How to use storytelling in business

As communications specialists, we’ve been banging on about the power of storytelling in business for a long time. But it is now really starting to grow in credibility as a key business development tool (see recent Fast Company article about how to make your brand move from good enough to remarkable).

A construction company that we work with is finding that high quality, engaging case studies – as opposed to just technical expertise and competitive costs – are increasingly critical to winning tenders.

 

What is your story?

 

Social media platforms like LinkedIn and Twitter have made it much easier to increase visibility for your brand and build relationships, trust and loyalty – without the expense or time of having to personally meet potential clients or customers on a regular basis. However, your messages can easily get lost behind your competitors’ if your content isn’t compelling enough. Potential clients and customers have huge amounts of choice and are time poor and impatient when looking for products and services – they are looking for something that immediately stands out to them, draws them in and maintains their interest.

The Fast Company article mentioned above opens by with the statement: “Remarkable businesses are innovative to the point of being individual, are due cause for conversation, and leave a lasting impression.”

So, how do you go from good enough to remarkable? It sounds obvious but it can be easy to ignore the following tips when you are ingrained in your business and what you do.

 

1.       Tell stories that are relevant to the outside world

We know that people think and remember things in terms of stories so they can be useful if you want to stick in someone’s memory. But, many businesses make the mistake of telling the wrong story.  Your company history and award wins might be important for internal nostalgia and morale and they will go some way to giving you credibility with your prospects. However, they aren’t the stories that potential clients, customers and new employees will really connect with. They want to hear stories that allow them to understand the people behind the business and the people like them that have benefited from your products and services in some out of the ordinary way. For example, for the recent launch of her new fake tan range, Michelle Mone OBE (of Ultimo fame) told an elaborate story about how she had spent a number of years and over £1m developing a product that she dreamt of as a consumer. The news stories told how during the process, scientists had ‘stumbled upon’ an ingredient that actually reduced cellulite – as opposed to causing it as many other fake tans can do.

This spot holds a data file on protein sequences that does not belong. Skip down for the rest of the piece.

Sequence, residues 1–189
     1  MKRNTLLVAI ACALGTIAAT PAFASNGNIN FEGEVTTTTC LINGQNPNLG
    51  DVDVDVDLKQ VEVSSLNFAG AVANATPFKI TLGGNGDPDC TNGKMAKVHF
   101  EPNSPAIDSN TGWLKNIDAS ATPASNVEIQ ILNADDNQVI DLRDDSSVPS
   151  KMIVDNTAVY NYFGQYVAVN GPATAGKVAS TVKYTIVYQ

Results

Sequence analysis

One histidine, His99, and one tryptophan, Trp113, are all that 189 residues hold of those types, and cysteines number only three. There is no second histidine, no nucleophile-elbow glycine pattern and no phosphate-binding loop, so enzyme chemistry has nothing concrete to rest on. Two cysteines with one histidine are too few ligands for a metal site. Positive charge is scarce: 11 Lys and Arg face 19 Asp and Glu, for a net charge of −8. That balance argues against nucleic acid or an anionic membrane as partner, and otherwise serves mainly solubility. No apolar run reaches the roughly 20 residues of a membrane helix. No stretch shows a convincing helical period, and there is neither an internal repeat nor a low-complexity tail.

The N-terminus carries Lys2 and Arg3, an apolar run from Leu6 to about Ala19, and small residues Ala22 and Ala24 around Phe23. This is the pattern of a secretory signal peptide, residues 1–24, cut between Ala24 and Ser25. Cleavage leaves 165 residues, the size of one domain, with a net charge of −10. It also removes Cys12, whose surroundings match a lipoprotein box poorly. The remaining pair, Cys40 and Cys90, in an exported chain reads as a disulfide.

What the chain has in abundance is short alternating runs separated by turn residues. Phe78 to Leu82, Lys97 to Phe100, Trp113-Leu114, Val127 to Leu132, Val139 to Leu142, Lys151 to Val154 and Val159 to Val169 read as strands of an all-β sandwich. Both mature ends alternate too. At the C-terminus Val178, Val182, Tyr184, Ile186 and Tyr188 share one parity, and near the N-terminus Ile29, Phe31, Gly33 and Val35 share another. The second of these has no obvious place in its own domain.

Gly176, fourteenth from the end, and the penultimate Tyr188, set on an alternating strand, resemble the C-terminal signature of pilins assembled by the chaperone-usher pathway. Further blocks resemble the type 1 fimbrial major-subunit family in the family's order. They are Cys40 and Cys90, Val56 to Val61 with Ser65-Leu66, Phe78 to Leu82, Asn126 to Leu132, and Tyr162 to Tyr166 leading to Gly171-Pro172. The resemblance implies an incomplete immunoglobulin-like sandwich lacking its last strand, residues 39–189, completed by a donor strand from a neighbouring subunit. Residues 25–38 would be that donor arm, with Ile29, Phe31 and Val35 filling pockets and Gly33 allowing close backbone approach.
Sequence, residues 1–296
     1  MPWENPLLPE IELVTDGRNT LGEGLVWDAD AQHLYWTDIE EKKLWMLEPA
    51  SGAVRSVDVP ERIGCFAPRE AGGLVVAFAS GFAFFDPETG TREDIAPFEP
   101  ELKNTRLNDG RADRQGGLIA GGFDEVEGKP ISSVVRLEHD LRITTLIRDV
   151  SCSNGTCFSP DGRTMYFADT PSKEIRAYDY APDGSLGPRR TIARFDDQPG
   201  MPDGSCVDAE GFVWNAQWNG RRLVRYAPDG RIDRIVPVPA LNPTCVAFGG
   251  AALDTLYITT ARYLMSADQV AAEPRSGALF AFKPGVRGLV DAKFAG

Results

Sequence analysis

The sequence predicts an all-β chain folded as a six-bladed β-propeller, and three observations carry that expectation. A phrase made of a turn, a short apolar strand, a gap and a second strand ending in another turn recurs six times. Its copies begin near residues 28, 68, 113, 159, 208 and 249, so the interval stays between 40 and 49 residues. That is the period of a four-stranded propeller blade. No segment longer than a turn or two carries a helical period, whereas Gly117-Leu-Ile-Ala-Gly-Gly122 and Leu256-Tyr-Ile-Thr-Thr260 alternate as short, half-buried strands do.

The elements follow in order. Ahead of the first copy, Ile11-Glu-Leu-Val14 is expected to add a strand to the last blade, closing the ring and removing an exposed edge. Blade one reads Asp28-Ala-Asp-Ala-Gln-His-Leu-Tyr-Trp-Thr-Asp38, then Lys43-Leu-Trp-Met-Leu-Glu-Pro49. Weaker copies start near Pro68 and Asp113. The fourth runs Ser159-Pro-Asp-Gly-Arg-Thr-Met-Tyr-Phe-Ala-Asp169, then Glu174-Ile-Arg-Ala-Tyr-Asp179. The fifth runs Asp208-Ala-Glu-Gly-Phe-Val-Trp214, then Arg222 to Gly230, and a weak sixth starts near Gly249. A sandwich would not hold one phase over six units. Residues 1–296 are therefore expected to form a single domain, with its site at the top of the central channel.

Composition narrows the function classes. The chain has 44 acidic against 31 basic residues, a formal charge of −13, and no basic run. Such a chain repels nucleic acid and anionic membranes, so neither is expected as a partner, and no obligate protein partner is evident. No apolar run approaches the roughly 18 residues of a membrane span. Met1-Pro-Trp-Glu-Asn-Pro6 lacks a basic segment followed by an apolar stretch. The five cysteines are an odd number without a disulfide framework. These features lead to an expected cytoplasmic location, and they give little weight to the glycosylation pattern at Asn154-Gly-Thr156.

2.       Make everyone in the organisation responsible for storytelling

Storytelling isn’t just the responsibility of your marketing team – it needs to be part of the company culture from the sales staff to the senior management team. Particularly for, say, professional services or construction firms, it is the technical experts who need to learn to tell stories that people can relate to – because they are who the prospective client is ‘buying’. They need training in how to cut through the jargon and pick out the compelling nuggets.

3.       Be worth talking about

In order to tell compelling stories that are worth talking about and sharing, you need to have something tangible to say. Usually, the things that are most interesting to those outside the organisation are the things that your people overlook as being mundane. If you are applying to university for example, the small details about life on campus from those that have lived it can be the most compelling. In order to be worth talking about, you need someone with the right skills and an external perspective to be able to identify the gems by talking to people from around the business and asking the right questions.

 

Like any great novel, your brand story has to have many different elements to make it a page turner. It needs chapters, a sequel and preferably a 10 book deal if you are going to keep your audiences engaged. If you don’t have the skills or resource to keep creating compelling content that will make you stand out from your competitors, Engage with us now.

 

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